By Andy Merritt
BOSTON – The first six weeks of the Bruins’ season were kind of a jagged mess, schedule-wise.
As the NHL sprung to life for an abbreviated 2013 season, the Bruins started their 48-game slate with an irregular pattern of games that included some acrobatic travel itineraries and, in mid-February, a single week with two three-day breaks from game action.
As President Jed Bartlet would say, “break’s over.”
The Bruins will play 17 games in March, and if you include Thursday night’s 2-1 win over Ottawa, it’s an 18-game-in-32 day run that should certainly clear up where the Bruins stand this year. Entering Saturday’s game against Tampa Bay (1 p.m., NESN/98.5 FM), Boston has played two fewer games than any other Eastern Conference team, and has three games in hand on first-place Montreal, who comes to town Sunday night.
The Bruins aren’t looking at the grueling month of March as 17 big games, however. It’s all about the next one.
“For me, you address it once and you give the message that you want to give and then you move on,” coach Claude Julien told reporters on Thursday morning. “We’re a team, as I’ve said publicly, that we’re better when we live in the moment. That’s what we’re going to try to do through this whole process here, is stay in the moment and not look further ahead than the day of the game and deal with that situation.”
The start of the gauntlet wasn’t exactly the prettiest effort on the Bruins’ part, but the 2-1 result is something they’ll take and move on. The only man who had more trouble handling Nathan Horton’s shot 5:48 into the second period than Horton himself was Ottawa goaltender Robin Lehner, who got caught off-balance by Horton’s misfire and gave up the first goal of the night. The Bruins were solid, but not exactly great throughout the rest of the game, and gave up a rare power play goal later in the second, before Patrice Bergeron’s shot trickled through Lehner and just over the line in overtime.
It was a hard fought win. But it was also ugly, and probably not the ideal way to start a busy stretch of the season.
“We know we’re a better team, we know we can play better,” Julien said. “We know we didn’t have our A-game, so you turn the page and say well done, as far as battling through it. … We didn’t have our legs, so it’s not because they didn’t want to, but certainly Saturday’s game, I’m looking for our team to be better and hopefully we’ll have gotten into our groove at home.”
The Bruins can be forgiven for “not having their legs,” after a long road trip that took them away from Boston for 15 days, and yielded a 4-1-0 record. But they won’t be able to get those legs back with rest anytime soon. That’s why preparation, the players said, will be key moving forward.
“Recovery and nutrition is huge, whether it’s individual players or team by team,” defenseman Andrew Ference said. “By the end of the season, you’ll definitely see who’s doing it the right way and who’s not, so there’s a lot of little edges that you can give yourself, whether it’s through rest and food and some of the recovery devices.”
The lack of downtime – March only has one set of back-to-back off days for the Bruins – also means less time to refine the technical stuff on-ice.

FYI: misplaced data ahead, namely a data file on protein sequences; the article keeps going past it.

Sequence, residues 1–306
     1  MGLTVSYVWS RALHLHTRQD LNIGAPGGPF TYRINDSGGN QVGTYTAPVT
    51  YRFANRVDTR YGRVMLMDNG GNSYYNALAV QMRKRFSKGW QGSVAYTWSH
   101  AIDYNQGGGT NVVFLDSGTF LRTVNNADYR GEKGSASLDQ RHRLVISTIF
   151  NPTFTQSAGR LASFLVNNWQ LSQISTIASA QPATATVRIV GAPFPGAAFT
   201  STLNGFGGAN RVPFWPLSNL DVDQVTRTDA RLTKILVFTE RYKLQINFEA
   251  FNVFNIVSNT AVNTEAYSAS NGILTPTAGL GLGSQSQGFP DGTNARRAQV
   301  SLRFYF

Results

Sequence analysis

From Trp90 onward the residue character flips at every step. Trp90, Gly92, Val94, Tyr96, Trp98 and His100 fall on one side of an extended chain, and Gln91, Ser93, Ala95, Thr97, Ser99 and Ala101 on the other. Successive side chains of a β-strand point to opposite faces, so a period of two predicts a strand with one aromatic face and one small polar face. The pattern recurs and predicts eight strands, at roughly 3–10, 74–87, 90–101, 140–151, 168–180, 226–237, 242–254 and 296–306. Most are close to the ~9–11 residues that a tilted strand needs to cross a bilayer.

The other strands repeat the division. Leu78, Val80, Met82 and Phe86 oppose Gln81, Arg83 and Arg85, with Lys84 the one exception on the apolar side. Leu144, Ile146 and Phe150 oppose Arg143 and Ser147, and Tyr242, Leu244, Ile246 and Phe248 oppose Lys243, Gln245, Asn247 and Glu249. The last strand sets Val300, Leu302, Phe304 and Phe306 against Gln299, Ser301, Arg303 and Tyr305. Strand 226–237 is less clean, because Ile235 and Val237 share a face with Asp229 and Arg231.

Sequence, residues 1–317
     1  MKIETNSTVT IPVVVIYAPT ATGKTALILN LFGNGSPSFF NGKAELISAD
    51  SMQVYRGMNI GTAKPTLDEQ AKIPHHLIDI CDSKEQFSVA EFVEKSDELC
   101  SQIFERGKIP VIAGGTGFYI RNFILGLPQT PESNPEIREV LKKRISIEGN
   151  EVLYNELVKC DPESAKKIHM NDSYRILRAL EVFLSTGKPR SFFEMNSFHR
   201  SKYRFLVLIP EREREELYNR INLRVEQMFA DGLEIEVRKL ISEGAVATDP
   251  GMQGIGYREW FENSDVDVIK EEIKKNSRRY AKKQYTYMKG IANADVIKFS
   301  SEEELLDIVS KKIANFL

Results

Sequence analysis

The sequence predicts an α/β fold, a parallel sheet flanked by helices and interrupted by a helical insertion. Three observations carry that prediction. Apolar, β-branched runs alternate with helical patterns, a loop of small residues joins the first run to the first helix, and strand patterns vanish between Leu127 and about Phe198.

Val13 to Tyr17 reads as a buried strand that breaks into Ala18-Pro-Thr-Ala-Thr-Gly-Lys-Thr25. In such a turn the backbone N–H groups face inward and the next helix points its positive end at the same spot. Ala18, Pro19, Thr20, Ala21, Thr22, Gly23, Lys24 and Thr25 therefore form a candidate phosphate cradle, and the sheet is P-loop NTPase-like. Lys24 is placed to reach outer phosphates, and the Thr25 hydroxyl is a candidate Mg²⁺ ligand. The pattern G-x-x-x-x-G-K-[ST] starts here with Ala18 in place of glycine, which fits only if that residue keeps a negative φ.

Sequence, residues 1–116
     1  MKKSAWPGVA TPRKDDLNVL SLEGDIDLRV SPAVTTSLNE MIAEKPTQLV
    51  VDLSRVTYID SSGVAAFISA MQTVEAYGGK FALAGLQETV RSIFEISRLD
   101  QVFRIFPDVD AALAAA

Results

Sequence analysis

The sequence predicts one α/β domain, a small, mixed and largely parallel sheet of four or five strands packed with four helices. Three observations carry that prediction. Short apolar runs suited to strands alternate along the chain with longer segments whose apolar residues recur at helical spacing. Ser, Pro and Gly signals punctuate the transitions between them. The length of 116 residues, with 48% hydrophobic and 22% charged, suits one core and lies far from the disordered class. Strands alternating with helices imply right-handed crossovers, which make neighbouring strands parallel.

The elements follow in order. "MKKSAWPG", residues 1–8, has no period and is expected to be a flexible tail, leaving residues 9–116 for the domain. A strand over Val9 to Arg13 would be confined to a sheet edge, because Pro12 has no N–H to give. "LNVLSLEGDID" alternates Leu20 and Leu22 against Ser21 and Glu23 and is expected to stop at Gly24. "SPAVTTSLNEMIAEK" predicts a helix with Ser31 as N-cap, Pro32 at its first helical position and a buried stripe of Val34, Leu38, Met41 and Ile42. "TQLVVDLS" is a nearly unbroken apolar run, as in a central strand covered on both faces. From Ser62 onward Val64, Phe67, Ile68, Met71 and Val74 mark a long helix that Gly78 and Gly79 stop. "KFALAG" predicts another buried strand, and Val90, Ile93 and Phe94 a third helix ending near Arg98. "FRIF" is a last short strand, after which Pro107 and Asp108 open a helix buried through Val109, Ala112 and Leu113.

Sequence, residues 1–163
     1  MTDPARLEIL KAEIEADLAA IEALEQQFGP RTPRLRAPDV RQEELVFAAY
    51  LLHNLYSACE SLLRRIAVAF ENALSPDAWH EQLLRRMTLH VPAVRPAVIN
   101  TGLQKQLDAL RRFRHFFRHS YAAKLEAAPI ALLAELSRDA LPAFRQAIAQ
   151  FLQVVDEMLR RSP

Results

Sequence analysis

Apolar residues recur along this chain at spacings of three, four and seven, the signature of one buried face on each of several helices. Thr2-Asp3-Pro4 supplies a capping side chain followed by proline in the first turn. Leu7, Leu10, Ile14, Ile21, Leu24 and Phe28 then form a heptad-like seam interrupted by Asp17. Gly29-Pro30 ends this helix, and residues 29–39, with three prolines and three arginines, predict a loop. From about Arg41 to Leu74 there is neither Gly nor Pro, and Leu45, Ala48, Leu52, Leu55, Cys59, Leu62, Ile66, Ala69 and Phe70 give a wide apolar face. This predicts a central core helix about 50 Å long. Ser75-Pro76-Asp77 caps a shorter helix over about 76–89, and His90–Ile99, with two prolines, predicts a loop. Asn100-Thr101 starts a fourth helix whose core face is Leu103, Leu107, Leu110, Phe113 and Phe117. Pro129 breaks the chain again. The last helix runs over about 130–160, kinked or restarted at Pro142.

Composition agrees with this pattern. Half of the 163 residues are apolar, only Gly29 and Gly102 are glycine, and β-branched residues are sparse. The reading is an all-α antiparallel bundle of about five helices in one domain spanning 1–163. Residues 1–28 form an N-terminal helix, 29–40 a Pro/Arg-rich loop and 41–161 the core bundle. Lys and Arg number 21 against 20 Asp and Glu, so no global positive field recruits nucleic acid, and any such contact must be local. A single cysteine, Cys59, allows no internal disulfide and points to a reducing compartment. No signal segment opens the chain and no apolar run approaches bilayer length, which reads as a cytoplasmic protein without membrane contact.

“Everybody knew that our last road trip was our last real time to have a day to get a breather and really get a couple of really good practices,” Ference said. “I think that’s probably the biggest thing is you lose that ability to have long practices and really work on your technical stuff in your game, so I think that’s going to be a challenge obviously where you have to stay on top of that, and it’ll be short but the quality has to be high in the practices through this part of the stretch.”
On the bright side, Julien said he’s happy with where the Bruins are at in that respect. With most of last year’s roster back this season, the players know the system, so the only corrections that should be necessary will be minor.
“A lot of that stuff because our team is very familiar with our system we can do through video,” Julien said. “If we need to rest, we can show guys clips, and it’s been done in the past, and you show them and get their attention, and next game it’s corrected without even having to go on the ice and doing it.”
Julien will also have a little bit more to do in managing his goaltenders. Tuukka Rask has been outstanding in net thus far, with a goals against average (1.82) and save percentage (.933) that have him among the league leaders. He’s also played 14 games to backup Anton Khudobin’s three. It seems unlikely that he’ll play 14 out of the next 17 games, but Julien said the goalie gameplan will continue to be considered on a day-to-day basis.
“That’s what I’ve said a million times. It’s one of those things where I’m going to go almost – I say game by game,” Julien said. “I’m going to look at the week, and I kind of plan, but I always keep it as a game-to-game situation. There could be injuries, there could be a goaltender really having a tough night, and you change your mind.
“Certainly, I’ve looked at the schedule, and have things in mind, but it’s really a game-to-game situation when the decision is made.”
March’s schedule actually isn’t all that different from last year’s. In March 2012, the Bruins also had 17 games on the schedule, with only one back-to-back pair of off days. Of course, last March was followed by just four regular-season games in April, whereas this April features 14 games in 27 days.
But that’s April. First comes March. First comes Saturday against the Lightning. Then we’ll see what comes next.